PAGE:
GRAND RAPIDS, Mich. (WOOD) – Ninety-one thousand fewer doctors are expected by 2020.
We know the Association of American Medical Colleges is pushing for a change, and wants Congress to lift the cap on funding for residency programs. For now, our medical schools are working to try and find ways to prevent a bottleneck in doctor training.
More medical students are now going to class on Grand Rapids’ Medical Mile, as Michigan State University’s College of Human Medicine has increased its enrollment to 200 spots a year.
It is an effort to get our future doctors through school and into residency training before those programs shrink due to lack of funding.
“People are working very hard to come up with solutions, and there’s of course the constant appeal that the legislature doesn’t act too drastically to reduce the current dollars that support residency training,” Marsha Rappley, M.D., dean of MSU College of Human Medicine.
Three bills were introduced on Capitol Hill last year in both the House and Senate, aimed to fund additional residency slots. They were pushed into committee but never got legs.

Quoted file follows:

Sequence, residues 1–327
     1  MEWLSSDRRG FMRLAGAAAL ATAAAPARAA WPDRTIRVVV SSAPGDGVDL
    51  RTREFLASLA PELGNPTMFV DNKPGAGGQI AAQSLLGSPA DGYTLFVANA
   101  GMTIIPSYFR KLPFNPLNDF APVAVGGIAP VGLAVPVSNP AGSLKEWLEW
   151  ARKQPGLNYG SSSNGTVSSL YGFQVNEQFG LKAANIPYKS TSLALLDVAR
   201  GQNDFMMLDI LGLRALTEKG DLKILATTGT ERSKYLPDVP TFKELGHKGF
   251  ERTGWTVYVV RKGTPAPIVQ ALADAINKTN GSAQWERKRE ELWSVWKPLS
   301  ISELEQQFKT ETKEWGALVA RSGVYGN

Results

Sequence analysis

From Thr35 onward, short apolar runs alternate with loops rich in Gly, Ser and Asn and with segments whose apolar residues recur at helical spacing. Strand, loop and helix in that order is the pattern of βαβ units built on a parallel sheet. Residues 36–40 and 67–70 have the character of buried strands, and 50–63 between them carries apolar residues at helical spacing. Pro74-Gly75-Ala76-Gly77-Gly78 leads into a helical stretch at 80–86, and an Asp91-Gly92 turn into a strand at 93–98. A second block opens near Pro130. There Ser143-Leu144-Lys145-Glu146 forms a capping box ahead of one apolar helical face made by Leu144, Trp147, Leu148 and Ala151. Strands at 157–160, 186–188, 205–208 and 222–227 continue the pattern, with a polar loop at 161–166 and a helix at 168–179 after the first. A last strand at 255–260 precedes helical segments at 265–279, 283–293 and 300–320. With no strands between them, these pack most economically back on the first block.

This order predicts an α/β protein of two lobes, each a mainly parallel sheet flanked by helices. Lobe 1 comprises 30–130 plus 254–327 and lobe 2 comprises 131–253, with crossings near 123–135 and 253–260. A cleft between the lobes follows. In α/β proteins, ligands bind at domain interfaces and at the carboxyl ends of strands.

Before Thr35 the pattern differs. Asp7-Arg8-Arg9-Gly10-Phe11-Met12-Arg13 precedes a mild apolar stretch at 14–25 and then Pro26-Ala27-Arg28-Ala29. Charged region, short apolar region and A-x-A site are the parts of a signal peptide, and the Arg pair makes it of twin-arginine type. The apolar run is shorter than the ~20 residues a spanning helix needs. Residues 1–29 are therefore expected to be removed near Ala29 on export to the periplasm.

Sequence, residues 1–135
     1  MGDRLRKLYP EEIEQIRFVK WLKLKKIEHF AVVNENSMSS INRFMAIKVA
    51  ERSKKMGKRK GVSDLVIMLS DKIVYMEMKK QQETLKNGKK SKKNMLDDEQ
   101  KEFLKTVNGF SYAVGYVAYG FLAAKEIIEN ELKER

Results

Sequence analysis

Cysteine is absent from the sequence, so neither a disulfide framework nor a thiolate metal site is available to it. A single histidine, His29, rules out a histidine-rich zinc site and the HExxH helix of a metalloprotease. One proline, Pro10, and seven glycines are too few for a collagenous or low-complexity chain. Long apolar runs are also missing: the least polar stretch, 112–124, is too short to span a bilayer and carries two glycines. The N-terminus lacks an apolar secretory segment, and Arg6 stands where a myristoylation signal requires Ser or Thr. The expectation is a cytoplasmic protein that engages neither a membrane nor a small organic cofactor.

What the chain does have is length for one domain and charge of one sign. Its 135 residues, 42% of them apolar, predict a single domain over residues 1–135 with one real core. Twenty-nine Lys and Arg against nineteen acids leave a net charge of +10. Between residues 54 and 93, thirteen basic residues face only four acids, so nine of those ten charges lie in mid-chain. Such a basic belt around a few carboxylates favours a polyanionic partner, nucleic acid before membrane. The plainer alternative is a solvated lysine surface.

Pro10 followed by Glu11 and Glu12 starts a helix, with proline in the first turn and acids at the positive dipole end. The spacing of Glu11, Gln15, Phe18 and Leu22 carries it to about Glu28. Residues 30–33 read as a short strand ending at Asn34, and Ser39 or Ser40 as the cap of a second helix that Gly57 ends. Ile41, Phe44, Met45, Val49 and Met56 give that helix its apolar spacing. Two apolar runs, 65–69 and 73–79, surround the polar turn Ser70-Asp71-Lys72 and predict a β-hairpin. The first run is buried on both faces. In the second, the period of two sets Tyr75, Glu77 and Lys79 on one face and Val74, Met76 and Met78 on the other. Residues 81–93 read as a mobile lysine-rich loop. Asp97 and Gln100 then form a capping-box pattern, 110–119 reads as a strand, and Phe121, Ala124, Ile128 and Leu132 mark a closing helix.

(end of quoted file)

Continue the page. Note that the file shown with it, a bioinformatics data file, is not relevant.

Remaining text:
24 Hour News 8 contacted the Association of American Medical Colleges Government Relations Office in Washington, D.C.
While they want to see one of those bills become law, they estimate it would cost the government $9 billion during the next decade.
“That’s really been the challenge. There really isn’t an appetite on Capitol Hill to take up legislation that costs a lot of money,” said Leonard Marquez, a spokesperson with Association of American Medical Colleges.
24 Hour News 8 sat down with Michigan Gov. Rick Snyder who said he pushed for extensive research before our state’s Medicaid expansion was put into place.
The governor said we have the resources to handle that, but added the potential doctor shortage needs to stay on our radar.
“Overall we’re in pretty good shape, but let’s keep working that issue because long-term I think that is an issue of concern,” said Snyder.
It is a concern pushing hospitals like Spectrum Health in Grand Rapids to look for what they call cost-effective new models and methods in their medical education program.
This, as the Association of American Medical Colleges continues to advocate for legislation to pay for crucial doctor training, something officials say could take years.
Marquez said the fact it has gained attention from both sides of the aisle on Capitol Hill is promising and the discussions continue.